A wave of statements and tweets by politicians sending "thoughts and prayers" after the San Bernardino shooting was quickly followed by an angry backlash over the state of America's gun laws.
Presidential candidates were among the first to express sorrow at the loss of at least 14 lives in Wednesday's gun rampage.
"My thoughts and prayers are with the shooting victims and their families," Republican hopeful Ben Carson tweeted.
However, the hashtag #thoughtsandprayers soon began trending on Twitter for different reasons as users called out Congress for inaction on reforming firearms laws.
"GOD ISN'T FIXING THIS," ran Thursday's cover headline on the New York Daily News, which has campaigned for tighter gun controls.
Underneath, it said: "As latest batch of innocent Americans are left lying in pools of blood, cowards who could truly end gun scourge continue to hide behind meaningless platitudes."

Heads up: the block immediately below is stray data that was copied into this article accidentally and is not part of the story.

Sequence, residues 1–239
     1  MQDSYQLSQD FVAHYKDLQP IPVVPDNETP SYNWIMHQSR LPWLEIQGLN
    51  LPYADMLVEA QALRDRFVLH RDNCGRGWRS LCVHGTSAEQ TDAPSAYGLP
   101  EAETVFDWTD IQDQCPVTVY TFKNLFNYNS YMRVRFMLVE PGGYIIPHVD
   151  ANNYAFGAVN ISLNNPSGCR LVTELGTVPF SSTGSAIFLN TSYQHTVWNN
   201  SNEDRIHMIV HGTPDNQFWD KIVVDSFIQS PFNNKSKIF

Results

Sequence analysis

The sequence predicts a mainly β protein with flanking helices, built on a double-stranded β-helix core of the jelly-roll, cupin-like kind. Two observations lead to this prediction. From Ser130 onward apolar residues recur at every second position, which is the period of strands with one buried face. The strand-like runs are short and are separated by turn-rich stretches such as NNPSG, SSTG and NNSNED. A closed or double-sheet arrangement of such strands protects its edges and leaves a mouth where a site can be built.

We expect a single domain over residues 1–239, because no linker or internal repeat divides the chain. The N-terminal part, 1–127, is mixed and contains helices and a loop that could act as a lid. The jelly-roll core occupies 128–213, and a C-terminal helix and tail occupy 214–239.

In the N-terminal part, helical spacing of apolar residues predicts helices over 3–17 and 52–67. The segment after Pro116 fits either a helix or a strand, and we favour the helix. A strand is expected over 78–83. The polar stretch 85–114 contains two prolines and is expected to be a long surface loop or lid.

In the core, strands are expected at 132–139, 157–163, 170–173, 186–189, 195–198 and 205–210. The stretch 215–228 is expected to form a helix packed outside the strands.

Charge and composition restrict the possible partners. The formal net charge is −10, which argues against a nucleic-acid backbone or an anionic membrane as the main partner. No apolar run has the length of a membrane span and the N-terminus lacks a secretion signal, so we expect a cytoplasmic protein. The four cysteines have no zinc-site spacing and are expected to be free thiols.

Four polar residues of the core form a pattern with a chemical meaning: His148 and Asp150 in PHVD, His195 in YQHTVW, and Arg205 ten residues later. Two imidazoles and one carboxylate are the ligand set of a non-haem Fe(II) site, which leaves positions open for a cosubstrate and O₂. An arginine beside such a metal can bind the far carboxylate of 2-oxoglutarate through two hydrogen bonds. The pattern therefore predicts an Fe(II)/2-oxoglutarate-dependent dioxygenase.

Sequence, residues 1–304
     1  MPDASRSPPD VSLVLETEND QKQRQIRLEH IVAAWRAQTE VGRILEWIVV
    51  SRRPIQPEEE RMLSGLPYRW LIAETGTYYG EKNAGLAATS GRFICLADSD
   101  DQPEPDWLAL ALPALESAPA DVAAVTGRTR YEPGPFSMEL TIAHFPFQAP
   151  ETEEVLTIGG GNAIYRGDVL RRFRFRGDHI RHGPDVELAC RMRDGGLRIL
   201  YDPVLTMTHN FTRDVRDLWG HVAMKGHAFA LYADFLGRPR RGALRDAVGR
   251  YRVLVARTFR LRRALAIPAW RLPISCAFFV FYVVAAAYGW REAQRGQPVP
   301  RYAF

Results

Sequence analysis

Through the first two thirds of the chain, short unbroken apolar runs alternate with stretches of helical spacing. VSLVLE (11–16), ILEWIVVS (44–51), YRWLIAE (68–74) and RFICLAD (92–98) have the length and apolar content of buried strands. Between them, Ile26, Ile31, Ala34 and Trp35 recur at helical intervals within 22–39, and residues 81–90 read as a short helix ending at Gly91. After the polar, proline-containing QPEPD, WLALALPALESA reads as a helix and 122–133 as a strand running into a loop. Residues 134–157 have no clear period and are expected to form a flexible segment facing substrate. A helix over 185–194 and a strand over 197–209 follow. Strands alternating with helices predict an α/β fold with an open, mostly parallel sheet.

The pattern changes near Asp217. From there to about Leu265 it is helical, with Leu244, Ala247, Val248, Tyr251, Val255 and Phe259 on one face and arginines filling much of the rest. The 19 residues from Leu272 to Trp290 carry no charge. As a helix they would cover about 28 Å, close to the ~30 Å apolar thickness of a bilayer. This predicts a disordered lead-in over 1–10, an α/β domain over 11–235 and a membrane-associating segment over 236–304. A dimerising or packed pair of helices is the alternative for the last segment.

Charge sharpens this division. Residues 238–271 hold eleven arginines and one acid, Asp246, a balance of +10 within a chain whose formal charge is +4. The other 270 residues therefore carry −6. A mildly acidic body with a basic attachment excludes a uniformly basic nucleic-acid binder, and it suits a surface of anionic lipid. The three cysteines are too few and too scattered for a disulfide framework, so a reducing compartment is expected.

Igor Volsky, contributing editor for political website Think Progress, tweeted that numerous lawmakers expressing "thoughts and prayers" had previously received thousands of dollars from the National Rifle Association or had voted against gun reforms such as expanded background checks.
Khary Penebaker, a Milwaukee-based campaigner for gun controls, tweeted: "Congress was elected to act, not to pray. No more congressional #thoughtsandprayers."
Democrat 2016 hopeful Hillary Clinton tweeted: "I refuse to accept this as normal. We must take action to stop gun violence now."
However, others objected to "social media snark" and what they described as "prayer shaming."
"After a mass shooting, it is very, very difficult to know what to do. Shaming people for prayer is not productive," wrote Emma Green, managing editor of The Atlantic.
And some pointed out that President Barack Obama, who has expressed frustration at Congress over its unwillingness to consider gun controls, had tweeted his "thoughts and prayers" in the aftermath of the Charlie Hebdo gun attack in Paris on Jan. 7.